SMITHFIELD, N.C. — Greg Taylor has a head for numbers.
He'll tell you exactly how many Budweisers he had on Sept. 25, 1991, the night he drove into Southeast Raleigh looking for drugs to keep his night going. He knows he's read more than 800 books in the years the state has kept him locked up for murder. And, by his reckoning, today is the 6,003rd day he will spend in prison for a crime he has insisted from the beginning he never committed.
Matters of the heart are tougher for Taylor. Mention Kristen, the daughter he had to abandon as a child, and he buckles in sobs. Ask him about the battle his sister lost with cancer in 2006, Taylor will shake his head and mutter that he should have been there. Ask him how he feels about the guy who has now confessed to murdering Jacquetta Thomas, Taylor is practically speechless.
"It just never occurs to you that an innocent person could get dragged into something like this," Taylor said Saturday in his first interview since the N.C. Innocence Inquiry Commission voted unanimously this month that he is innocent.
Taylor waits now, still a prisoner as his case moves to a three-judge panel to be convened by the chief justice of the State Supreme Court. Wake County District Attorney Colon Willoughby can either contest Taylor's request to be exonerated or petition the court to vacate his sentence before the panel convenes.
The delay is agonizing for Taylor and his family. It's also frustrating for Thomas' family.
"I hate it's taking even one more day," said Yolanda Littlejohn, Thomas' sister. Littlejohn said she has always thought Taylor was innocent, and after sitting through the commission's hearing, she is pained by Taylor's misfortune. "You don't keep a man locked up because he was in the wrong place at the wrong time."
Taylor is a measured, calm man who settled into his captivity. He accepted the gifts of imprisonment -- sobriety and reflection -- and tried to make peace with its insults.
"Anger's out the door a long time ago," Taylor said. "You can't survive for any length of time on bitterness and blame."
Reading and learning became his salvation. He earned two associates degrees in prison and became a teaching assistant for community college professors who teach inside the prison. At Johnston Correctional Institution, Taylor manages the library, linking other inmates with authors he thinks they will like.
Taylor's arrest stemmed from a night of bad luck and bad choices. The night Jacquetta Thomas was murdered, Taylor said, he had ventured into Southeast Raleigh, trolling for crack. He and Johnny Beck, a local he'd befriended months before, pulled into a dark, muddy path to smoke, he said.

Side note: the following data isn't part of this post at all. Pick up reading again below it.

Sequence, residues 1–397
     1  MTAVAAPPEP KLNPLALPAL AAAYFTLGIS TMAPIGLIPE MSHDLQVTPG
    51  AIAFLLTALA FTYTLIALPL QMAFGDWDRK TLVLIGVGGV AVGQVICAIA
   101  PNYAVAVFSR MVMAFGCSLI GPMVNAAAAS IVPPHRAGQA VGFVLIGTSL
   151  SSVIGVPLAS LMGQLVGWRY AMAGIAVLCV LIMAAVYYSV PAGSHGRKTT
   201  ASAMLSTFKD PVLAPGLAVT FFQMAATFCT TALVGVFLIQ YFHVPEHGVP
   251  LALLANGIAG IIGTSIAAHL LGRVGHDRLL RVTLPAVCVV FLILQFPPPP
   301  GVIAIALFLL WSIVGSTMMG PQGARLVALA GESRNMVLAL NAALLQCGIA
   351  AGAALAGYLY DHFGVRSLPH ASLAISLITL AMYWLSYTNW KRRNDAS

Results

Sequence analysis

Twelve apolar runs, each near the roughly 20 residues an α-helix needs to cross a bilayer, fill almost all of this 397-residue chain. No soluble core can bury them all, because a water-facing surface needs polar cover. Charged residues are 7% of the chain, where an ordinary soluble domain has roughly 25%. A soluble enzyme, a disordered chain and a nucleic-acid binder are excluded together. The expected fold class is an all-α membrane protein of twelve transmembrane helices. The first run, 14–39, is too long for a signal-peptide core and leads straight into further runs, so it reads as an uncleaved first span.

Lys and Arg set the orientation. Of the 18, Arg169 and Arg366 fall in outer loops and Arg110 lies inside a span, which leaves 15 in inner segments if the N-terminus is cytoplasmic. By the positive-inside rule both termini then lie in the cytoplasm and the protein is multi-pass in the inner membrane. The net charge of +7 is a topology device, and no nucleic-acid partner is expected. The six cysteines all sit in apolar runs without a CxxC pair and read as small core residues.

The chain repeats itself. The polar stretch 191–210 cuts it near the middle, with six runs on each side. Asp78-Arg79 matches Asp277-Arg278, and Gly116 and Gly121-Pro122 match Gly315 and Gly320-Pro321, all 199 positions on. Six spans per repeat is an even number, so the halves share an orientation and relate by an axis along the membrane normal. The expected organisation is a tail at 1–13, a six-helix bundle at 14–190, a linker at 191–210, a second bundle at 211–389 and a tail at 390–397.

Taylor said they saw Thomas' body, stripped, beaten and stabbed. Taylor asked Beck if they should call for help. Beck urged him to forget about it and move along. Taylor's truck got stuck in the mud up the path from Thomas' body; he left it there. Police immediately considered him a suspect.
Taylor figured he would quickly straighten things out. He endured two interrogations. He turned over his clothes and pocket knives. When police asked for his hair to do a DNA test, he couldn't rip it out fast enough.
"At any given time, there were a hundred things we could have done differently if we were guilty," Taylor said.
By day's end, Taylor was locked up in the Wake County jail.
"It's so frustrating to go up against all these people," Taylor said. "They have all this power. You have the truth, but they refuse to look at it."
A jury convicted him based on a jailhouse snitch's testimony and vague statements by a prostitute. Over the next decade, county, state and federal judges would block every attempt to undo his conviction.
Daughter lost hope
Kristen Puryear spent her entire childhood thinking police were bad.
"They took my daddy," says Puryear, 26.
As a girl, she couldn't understand why her dad was out that night or why police thought the man who read her stories was a murderer.
One day she got home from school, and her dad was gone for good. For Christmas that year, her grandmother brought her a gold cross from her father. She's worn it every day since, and pinned it under her wedding dress as a substitute for her father's escort.
Taylor missed Kristen's prom, her birthdays, her high school and college graduations. He missed her wedding, too, and the birth of her son, Charles.
"I had lost hope he would get out," said Puryear. "No one would listen."
When she visited her father, they talked about her studies at Virginia Tech, her new house, her husband. Last year, he held his grandson, leaning across the visitor's table to take the sleeping baby from his daughter.
These days, their conversations have switched to talking about the adventures they'll have when and if Taylor is free. Kristen is eager to take him to a Virginia Tech football game. She's planning to cook a feast for his first meal as a free man.
Taylor prepares, too. He flips through his certificates and diplomas, wondering which might help him land a job. He scans the shelves in the prison library, wondering if there's a book to help him get ready for this transition.
He's not sure how to begin again. He is almost the age his parents were when he went into prison.
"I don't know what 47 is, I only know what 31 is," Taylor said. "I think I want to go home and be invisible for a while."